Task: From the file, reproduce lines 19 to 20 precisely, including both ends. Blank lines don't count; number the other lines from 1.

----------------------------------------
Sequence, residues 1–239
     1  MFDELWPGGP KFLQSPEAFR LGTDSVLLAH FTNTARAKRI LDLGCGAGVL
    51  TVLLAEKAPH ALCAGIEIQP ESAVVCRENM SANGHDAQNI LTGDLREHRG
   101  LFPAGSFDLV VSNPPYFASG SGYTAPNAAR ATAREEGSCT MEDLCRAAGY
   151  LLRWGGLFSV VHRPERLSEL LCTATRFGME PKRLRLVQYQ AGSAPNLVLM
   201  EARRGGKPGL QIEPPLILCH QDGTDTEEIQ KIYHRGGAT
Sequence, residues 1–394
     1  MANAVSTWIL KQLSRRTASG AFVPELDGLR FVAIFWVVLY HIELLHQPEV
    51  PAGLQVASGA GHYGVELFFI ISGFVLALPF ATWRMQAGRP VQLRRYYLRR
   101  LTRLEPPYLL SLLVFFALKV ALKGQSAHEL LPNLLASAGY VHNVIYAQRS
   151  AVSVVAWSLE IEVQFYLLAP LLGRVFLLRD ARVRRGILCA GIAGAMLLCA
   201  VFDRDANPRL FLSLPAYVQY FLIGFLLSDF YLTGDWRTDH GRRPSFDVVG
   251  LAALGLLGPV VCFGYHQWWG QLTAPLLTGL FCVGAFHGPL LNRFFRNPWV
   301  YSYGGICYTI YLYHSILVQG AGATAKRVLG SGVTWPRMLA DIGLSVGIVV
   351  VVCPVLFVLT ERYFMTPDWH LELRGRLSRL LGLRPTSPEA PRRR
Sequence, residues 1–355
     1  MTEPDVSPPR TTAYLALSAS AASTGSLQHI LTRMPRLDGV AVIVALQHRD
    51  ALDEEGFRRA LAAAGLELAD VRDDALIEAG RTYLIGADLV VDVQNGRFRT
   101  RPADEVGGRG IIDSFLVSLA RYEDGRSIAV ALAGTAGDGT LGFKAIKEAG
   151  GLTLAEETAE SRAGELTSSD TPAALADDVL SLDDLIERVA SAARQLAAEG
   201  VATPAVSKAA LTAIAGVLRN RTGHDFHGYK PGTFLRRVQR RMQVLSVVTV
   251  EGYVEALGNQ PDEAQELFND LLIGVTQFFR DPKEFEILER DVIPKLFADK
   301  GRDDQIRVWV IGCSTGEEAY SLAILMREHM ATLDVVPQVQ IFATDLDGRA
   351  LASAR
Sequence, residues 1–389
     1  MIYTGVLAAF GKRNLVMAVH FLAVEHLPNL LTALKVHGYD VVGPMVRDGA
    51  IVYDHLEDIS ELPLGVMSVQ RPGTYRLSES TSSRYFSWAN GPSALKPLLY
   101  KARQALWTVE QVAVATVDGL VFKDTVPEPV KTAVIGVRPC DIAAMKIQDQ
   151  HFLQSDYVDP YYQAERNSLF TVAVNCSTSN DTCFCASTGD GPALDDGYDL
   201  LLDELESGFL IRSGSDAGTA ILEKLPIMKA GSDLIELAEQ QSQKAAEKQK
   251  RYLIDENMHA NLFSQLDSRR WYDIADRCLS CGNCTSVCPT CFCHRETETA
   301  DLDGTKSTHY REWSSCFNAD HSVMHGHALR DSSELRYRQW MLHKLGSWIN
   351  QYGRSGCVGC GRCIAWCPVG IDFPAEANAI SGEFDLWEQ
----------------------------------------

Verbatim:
   101  RPADEVGGRG IIDSFLVSLA RYEDGRSIAV ALAGTAGDGT LGFKAIKEAG
   151  GLTLAEETAE SRAGELTSSD TPAALADDVL SLDDLIERVA SAARQLAAEG